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12.8. Testing and Debugging Text Search

The behavior of a custom text search configuration can easily become confusing. The functions described in this section are useful for testing text search objects. You can test a complete configuration, or test parsers and dictionaries separately.

12.8.1. Configuration Testing

The function ts_debug allows easy testing of a text search configuration.

ts_debug([ config regconfig, ] document text,
         OUT alias text,
         OUT description text,
         OUT token text,
         OUT dictionaries regdictionary[],
         OUT dictionary regdictionary,
         OUT lexemes text[])
         returns setof record

ts_debug displays information about every token of document as produced by the parser and processed by the configured dictionaries. It uses the configuration specified by config, or default_text_search_config if that argument is omitted.

ts_debug returns one row for each token identified in the text by the parser. The columns returned are

  • alias text — short name of the token type

  • description text — description of the token type

  • token text — text of the token

  • dictionaries regdictionary[] — the dictionaries selected by the configuration for this token type

  • dictionary regdictionary — the dictionary that recognized the token, or NULL if none did

  • lexemes text[] — the lexeme(s) produced by the dictionary that recognized the token, or NULL if none did; an empty array ({}) means it was recognized as a stop word

Here is a simple example:

SELECT * FROM ts_debug('english','a fat  cat sat on a mat - it ate a fat rats');
   alias   |   description   | token |  dictionaries  |  dictionary  | lexemes 
-----------+-----------------+-------+----------------+--------------+---------
 asciiword | Word, all ASCII | a     | {english_stem} | english_stem | {}
 blank     | Space symbols   |       | {}             |              | 
 asciiword | Word, all ASCII | fat   | {english_stem} | english_stem | {fat}
 blank     | Space symbols   |       | {}             |              | 
 asciiword | Word, all ASCII | cat   | {english_stem} | english_stem | {cat}
 blank     | Space symbols   |       | {}             |              | 
 asciiword | Word, all ASCII | sat   | {english_stem} | english_stem | {sat}
 blank     | Space symbols   |       | {}             |              | 
 asciiword | Word, all ASCII | on    | {english_stem} | english_stem | {}
 blank     | Space symbols   |       | {}             |              | 
 asciiword | Word, all ASCII | a     | {english_stem} | english_stem | {}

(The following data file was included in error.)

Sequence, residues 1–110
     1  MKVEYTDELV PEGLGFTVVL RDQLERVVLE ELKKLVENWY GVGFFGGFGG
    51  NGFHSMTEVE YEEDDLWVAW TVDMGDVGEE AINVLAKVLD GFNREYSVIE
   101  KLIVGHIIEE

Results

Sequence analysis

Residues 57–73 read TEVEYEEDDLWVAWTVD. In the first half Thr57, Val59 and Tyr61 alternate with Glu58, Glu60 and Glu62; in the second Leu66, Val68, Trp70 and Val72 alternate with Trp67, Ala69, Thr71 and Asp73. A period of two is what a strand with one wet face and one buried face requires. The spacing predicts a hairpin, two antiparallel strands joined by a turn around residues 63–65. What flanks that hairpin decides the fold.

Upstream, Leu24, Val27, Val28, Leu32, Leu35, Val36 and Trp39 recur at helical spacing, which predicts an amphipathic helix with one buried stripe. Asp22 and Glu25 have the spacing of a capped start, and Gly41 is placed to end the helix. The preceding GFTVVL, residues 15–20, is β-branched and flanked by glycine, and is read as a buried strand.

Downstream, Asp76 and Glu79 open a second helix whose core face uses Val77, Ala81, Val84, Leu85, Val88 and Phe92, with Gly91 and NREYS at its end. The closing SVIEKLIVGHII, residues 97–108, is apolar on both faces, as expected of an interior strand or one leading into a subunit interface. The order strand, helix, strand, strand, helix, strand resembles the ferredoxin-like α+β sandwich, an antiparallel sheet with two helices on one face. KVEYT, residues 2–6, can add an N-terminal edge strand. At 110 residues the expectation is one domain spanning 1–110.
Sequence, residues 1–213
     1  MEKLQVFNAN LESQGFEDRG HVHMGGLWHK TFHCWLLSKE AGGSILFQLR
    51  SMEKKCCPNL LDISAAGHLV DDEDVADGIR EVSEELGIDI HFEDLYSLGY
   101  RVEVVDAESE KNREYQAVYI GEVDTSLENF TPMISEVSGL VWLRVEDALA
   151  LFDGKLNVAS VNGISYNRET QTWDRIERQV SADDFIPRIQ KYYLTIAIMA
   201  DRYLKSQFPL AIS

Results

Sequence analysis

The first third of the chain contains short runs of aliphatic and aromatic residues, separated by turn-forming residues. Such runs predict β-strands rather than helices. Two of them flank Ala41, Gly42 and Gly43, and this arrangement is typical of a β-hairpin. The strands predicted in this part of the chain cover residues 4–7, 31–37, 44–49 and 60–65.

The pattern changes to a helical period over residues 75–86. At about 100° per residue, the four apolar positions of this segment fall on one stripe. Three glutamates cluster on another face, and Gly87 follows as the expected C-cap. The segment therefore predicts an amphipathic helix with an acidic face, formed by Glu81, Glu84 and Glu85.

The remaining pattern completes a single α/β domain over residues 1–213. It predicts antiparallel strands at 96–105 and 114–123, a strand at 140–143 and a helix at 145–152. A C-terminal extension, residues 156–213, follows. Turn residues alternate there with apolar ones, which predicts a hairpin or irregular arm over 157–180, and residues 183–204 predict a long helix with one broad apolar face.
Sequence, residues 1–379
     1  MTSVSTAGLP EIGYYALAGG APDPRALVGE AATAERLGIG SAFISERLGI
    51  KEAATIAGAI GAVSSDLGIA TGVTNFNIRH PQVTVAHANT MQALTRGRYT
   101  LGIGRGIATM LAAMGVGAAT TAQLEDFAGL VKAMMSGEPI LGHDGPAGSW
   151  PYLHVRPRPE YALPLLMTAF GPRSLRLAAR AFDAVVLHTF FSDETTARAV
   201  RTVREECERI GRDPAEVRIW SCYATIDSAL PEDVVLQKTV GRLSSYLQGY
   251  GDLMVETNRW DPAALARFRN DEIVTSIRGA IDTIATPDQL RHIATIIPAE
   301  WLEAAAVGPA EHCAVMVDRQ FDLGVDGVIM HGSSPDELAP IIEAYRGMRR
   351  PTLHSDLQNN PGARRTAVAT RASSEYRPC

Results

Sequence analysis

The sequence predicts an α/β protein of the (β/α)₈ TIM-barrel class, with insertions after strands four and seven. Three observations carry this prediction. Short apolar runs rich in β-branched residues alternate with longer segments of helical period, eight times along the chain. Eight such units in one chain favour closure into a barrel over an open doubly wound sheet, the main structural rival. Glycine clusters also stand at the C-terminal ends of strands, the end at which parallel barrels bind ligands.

blank     | Space symbols   |       | {}             |              | 
 asciiword | Word, all ASCII | mat   | {english_stem} | english_stem | {mat}
 blank     | Space symbols   |       | {}             |              | 
 blank     | Space symbols   | -     | {}             |              | 
 asciiword | Word, all ASCII | it    | {english_stem} | english_stem | {}
 blank     | Space symbols   |       | {}             |              | 
 asciiword | Word, all ASCII | ate   | {english_stem} | english_stem | {ate}
 blank     | Space symbols   |       | {}             |              | 
 asciiword | Word, all ASCII | a     | {english_stem} | english_stem | {}
 blank     | Space symbols   |       | {}             |              | 
 asciiword | Word, all ASCII | fat   | {english_stem} | english_stem | {fat}
 blank     | Space symbols   |       | {}             |              | 
 asciiword | Word, all ASCII | rats  | {english_stem} | english_stem | {rat}

For a more extensive demonstration, we first create a public.english configuration and Ispell dictionary for the English language:

CREATE TEXT SEARCH CONFIGURATION public.english ( COPY = pg_catalog.english );

CREATE TEXT SEARCH DICTIONARY english_ispell (
    TEMPLATE = ispell,
    DictFile = english,
    AffFile = english,
    StopWords = english
);

ALTER TEXT SEARCH CONFIGURATION public.english
   ALTER MAPPING FOR asciiword WITH english_ispell, english_stem;
SELECT * FROM ts_debug('public.english','The Brightest supernovaes');
   alias   |   description   |    token    |         dictionaries          |   dictionary   |   lexemes   
-----------+-----------------+-------------+-------------------------------+----------------+-------------
 asciiword | Word, all ASCII | The         | {english_ispell,english_stem} | english_ispell | {}
 blank     | Space symbols   |             | {}                            |                | 
 asciiword | Word, all ASCII | Brightest   | {english_ispell,english_stem} | english_ispell | {bright}
 blank     | Space symbols   |             | {}                            |                | 
 asciiword | Word, all ASCII | supernovaes | {english_ispell,english_stem} | english_stem   | {supernova}